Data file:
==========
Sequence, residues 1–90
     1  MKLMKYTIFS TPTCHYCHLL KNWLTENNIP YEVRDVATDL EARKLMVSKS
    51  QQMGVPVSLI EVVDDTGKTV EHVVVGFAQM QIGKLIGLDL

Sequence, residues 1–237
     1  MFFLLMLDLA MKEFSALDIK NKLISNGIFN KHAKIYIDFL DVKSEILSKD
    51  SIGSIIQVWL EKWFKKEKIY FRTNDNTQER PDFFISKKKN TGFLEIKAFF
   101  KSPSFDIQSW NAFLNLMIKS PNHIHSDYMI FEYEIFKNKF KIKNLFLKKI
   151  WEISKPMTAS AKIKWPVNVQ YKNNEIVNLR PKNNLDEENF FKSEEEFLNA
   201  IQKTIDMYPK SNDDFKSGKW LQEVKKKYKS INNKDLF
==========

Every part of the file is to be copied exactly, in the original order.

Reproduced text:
Sequence, residues 1–90
     1  MKLMKYTIFS TPTCHYCHLL KNWLTENNIP YEVRDVATDL EARKLMVSKS
    51  QQMGVPVSLI EVVDDTGKTV EHVVVGFAQM QIGKLIGLDL

Sequence, residues 1–237
     1  MFFLLMLDLA MKEFSALDIK NKLISNGIFN KHAKIYIDFL DVKSEILSKD
    51  SIGSIIQVWL EKWFKKEKIY FRTNDNTQER PDFFISKKKN TGFLEIKAFF
   101  KSPSFDIQSW NAFLNLMIKS PNHIHSDYMI FEYEIFKNKF KIKNLFLKKI
   151  WEISKPMTAS AKIKWPVNVQ YKNNEIVNLR PKNNLDEENF FKSEEEFLNA
   201  IQKTIDMYPK SNDDFKSGKW LQEVKKKYKS INNKDLF